The New York Knicks are practicing the triangle offense again, likely per president Phil Jackson’s wishes. This follows months in which head coach Jeff Hornacek ran parts of the triple post without fully committing to much more beyond its precepts and broader goals. The Knicks will also probably start playing the triangle offense in actual games, for stretches at least, because even triangle-specific teams (both good and bad) in Jackson’s past have strayed away from the offense for huge scads of games, weeks, or seasons at a time.
All of this was wholly expected at any time of year, whether the Knicks were around .500 and battling for a playoff spot (something the team would likely spin as unsatisfactory) or struggling as the squad is – at 24-36 and embarrassing its way through all manner of off-the-court tumult involving ex-legends, missing starting point guards and the passive/aggressive unrelationship between Jackson and star player Carmelo Anthony.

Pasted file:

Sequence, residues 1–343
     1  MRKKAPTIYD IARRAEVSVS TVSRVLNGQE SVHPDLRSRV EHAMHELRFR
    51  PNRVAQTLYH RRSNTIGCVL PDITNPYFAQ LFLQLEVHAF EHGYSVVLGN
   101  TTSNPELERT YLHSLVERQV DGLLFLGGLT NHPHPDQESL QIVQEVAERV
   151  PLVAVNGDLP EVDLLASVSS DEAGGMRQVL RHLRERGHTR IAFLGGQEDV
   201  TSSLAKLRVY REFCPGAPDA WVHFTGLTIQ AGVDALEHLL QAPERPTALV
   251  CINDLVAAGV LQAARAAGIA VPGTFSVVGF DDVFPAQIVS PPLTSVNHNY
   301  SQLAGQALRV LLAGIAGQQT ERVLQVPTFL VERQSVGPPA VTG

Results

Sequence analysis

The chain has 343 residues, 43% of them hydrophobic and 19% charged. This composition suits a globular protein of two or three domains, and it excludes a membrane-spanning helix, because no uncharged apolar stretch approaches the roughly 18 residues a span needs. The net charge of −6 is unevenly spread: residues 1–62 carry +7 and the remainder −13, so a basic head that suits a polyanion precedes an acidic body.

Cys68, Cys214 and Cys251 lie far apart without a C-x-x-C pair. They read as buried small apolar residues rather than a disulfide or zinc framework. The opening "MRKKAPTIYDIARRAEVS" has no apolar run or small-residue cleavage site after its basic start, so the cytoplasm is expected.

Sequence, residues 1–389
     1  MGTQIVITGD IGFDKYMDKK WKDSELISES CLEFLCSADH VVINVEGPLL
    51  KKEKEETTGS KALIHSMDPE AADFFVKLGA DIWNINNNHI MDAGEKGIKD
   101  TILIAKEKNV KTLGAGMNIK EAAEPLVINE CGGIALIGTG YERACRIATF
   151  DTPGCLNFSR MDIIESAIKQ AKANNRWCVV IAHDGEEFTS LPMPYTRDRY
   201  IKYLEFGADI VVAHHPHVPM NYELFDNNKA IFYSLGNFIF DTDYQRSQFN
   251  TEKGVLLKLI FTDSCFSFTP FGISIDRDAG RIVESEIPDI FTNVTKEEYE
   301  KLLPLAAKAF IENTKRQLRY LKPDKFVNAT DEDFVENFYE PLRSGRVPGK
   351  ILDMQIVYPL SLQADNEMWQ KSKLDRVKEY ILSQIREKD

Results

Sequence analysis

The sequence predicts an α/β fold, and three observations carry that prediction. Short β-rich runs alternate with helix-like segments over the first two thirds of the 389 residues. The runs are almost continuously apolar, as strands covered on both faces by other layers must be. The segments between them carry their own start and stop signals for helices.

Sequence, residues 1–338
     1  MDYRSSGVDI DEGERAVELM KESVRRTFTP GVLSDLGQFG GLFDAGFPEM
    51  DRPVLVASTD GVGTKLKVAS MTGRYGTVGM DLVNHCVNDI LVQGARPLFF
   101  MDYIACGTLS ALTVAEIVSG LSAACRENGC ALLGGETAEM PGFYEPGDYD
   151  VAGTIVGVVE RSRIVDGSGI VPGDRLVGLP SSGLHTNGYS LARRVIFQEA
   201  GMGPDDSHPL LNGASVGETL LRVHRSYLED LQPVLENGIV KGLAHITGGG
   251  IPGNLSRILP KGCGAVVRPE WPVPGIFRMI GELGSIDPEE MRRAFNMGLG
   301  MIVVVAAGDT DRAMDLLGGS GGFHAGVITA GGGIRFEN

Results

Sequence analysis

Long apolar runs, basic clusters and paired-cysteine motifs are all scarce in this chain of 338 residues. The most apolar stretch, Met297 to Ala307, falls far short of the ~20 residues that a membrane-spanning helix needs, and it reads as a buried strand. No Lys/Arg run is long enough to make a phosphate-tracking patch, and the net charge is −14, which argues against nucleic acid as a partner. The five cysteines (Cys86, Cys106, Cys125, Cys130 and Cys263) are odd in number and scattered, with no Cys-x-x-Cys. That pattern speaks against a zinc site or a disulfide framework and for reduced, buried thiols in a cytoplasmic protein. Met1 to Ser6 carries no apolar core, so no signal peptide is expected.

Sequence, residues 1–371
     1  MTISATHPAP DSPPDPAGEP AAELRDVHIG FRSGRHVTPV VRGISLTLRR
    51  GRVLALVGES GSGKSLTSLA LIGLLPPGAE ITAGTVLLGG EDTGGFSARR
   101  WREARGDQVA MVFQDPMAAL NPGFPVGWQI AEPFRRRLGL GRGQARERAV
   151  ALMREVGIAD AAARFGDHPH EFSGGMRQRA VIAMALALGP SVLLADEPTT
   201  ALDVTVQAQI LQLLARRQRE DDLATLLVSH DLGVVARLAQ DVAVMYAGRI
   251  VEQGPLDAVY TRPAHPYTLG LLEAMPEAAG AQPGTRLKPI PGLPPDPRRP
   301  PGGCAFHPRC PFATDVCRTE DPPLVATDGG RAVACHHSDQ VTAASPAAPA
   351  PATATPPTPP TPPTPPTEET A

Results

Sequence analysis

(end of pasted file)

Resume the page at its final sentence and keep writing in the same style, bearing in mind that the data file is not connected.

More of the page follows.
The team’s hoped-for one-day All-Star, second-year forward/center Kristaps Porzingis, has largely remained above the fray. Played well, played tough, dealt with injuries, had fun during the All-Star weekend, and mostly kept his hands clean.
On Wednesday, after a second consecutive triangle-specific practice performed in Orlando, Porzingis appeared to welcome the flow of the triangle into his waiting hands in a talk with the media:
“I like the triangle,” Porzingis said. “My first season, the whole first season we played nothing but the triangle so I know it pretty well. I like the offense. It can only work if everybody believes in it and everybody executes it the right way.”
“We’re starting to learn it now the way we should,” Porzingis said before the Knicks’ Wednesday morning shootaround. “We should have been playing from the beginning of the season. So we’re a little behind. But every game we’re getting a little better. Hopefully, I don’t know when, we can start using it properly and making some impact playing it.”
Hornacek, on Tuesday, was also effusive in his open approach to the triangle’s return, and how far the Knicks (currently ranked 14th out of 30 NBA teams offensively) have yet to go: